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Discussion Starter #1
I've been having trouble with one of my females (Igor) who thinks I'm her mate; she screams almost constantly unless I'm petting her. I'd love to give her more attention, but I don't want to enforce the screaming by petting her unless she's quiet, and she's almost never quiet. The other two tiels don't make anywhere near this much noise.

I've been wondering if part of it might be that she needs more stimulation, because she's always trying to eat my walls and furniture. But neither she nor the other two tiels are interested in the many toys I rotate through their cages. And I've been patiently working to get them used to games they can play with me outside the cage (I've been teaching them to find their beloved goldfish crackers underneath bottle caps), but they get bored and wander off very quickly.

Could boredom be part of the need to scream and constantly be petted (and if so, how do I entertain her), or is that just mate behavior? How do I discourage screaming and still give her the cuddles she wants?
 

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These are difficult questions!
I have seen it recommended to have the bird on 14 hours of darkness, to calm down hormones. A hormone increase can increase the behavior you describe.
I am wondering whether there is any chance your tiel is a male. The amount of noise sounds more typical of a male.
Also, I wonder how old she is. She may be coming into sexual maturity, which would mean increased hormones.
Individual birds do vary considerably in their personality.
There are books that offer advice for decreasing the noise level. It starts with what you already mention: not rewarding screaming. But it can seem hard, if the bird is noisy much of the time. The books go more specifically into the training. There is a book by Ann Castro and another one titled "Clicker Training for Birds." You could do a search on Amazon.
I wish I could suggest something more immediate and easier!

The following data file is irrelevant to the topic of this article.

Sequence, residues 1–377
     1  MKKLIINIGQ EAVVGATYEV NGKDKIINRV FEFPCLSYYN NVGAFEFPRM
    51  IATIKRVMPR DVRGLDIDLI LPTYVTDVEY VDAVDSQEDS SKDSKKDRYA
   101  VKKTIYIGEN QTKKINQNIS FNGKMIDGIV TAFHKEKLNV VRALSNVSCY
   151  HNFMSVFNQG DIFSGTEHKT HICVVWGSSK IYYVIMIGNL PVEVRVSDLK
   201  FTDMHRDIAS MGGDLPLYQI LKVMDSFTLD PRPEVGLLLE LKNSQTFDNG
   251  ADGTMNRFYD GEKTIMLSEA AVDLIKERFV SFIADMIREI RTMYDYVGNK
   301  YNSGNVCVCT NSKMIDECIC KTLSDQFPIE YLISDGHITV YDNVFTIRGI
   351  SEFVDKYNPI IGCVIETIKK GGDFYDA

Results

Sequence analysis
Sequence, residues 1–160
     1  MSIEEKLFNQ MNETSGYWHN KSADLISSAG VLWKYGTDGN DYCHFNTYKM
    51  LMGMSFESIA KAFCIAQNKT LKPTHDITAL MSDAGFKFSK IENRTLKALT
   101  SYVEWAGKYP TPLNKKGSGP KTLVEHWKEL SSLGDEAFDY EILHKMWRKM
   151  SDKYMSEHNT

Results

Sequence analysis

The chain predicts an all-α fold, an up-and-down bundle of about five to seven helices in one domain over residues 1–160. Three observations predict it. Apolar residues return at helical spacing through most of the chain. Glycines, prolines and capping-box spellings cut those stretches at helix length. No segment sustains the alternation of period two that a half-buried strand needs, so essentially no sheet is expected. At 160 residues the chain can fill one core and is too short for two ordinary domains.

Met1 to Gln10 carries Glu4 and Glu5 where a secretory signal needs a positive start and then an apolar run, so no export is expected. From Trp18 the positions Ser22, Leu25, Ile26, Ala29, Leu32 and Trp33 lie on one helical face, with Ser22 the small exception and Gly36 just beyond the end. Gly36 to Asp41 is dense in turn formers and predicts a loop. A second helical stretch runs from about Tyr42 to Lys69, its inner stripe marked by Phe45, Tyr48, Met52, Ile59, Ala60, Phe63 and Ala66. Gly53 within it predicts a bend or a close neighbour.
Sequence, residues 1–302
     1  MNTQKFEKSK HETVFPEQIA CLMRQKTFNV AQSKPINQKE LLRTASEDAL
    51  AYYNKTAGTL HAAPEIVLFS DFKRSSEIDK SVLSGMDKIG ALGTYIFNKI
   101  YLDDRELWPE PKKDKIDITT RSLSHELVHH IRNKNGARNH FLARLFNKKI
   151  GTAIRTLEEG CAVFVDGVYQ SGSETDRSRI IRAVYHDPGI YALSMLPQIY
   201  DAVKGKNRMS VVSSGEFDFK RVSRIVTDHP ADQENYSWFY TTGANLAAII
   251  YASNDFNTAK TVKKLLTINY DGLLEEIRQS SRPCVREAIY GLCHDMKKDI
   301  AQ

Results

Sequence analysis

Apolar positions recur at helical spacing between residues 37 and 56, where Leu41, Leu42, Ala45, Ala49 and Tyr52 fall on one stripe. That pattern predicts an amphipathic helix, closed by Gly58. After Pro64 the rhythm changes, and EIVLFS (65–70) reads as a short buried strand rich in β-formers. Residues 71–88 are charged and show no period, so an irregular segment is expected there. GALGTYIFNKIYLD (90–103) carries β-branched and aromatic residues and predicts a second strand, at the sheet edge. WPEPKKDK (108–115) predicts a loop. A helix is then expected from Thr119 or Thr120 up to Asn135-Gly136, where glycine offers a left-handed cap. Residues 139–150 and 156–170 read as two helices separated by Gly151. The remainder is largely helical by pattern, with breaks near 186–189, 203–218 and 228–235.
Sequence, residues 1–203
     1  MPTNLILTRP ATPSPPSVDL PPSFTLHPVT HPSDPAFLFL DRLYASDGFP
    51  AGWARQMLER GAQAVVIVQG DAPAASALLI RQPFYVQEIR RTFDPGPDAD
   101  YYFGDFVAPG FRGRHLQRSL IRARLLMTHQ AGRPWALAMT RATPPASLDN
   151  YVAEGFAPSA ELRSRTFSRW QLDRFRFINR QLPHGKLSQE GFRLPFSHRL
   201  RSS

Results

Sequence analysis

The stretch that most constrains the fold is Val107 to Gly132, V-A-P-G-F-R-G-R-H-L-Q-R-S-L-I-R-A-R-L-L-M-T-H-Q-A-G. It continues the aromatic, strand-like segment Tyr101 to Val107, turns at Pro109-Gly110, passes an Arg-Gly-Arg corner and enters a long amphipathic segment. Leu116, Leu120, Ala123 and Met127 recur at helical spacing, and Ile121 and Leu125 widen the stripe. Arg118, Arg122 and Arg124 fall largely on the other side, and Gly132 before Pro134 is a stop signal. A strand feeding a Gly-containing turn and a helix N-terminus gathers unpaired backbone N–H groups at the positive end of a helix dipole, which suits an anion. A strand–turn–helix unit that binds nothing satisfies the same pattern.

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Joey is currently hormonal, and very needy, noisy and grumpy. What you are describing does sound like hormones, as dianne has said above.

You are on the right track with not rewarding the noise. When we first moved to this apartment at the end of April, we were doing what we could to keep Joey from being loud, so we were going to him every time he screeched for attention. and it only took a few weeks to have an unbearable little tyrant in the house. It took another few weeks of ignoring the screeches and screams, showing him they didn't get him results. When he was being good, he got a lot of attention and scritches. It is better to do as you are doing by ignoring the unwanted behavior than to have to undo the mess you've made, as we did. We're back to ignoring the screeches caused by hormonal crabbiness. Fortunately, they are already subsiding.
 

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Discussion Starter #4
Igor is about 3 years old, and very definitely female; last fall her hormones got crazy enough that she laid some eggs for me. Her noise behavior is very different from that of my current male and my previous male, who both sang occasionally and only screamed if something was wrong. Igor and her sister Tavi, who share a cage separate from Petey, the male, are covered 13-14 hours from 7 at night to 8 or 9 in the morning.

I already try to ignore the screaming, but Igor is very persistent, especially if she knows I'm nearby.

Thanks for the book recommendation; I'll look into it.
 
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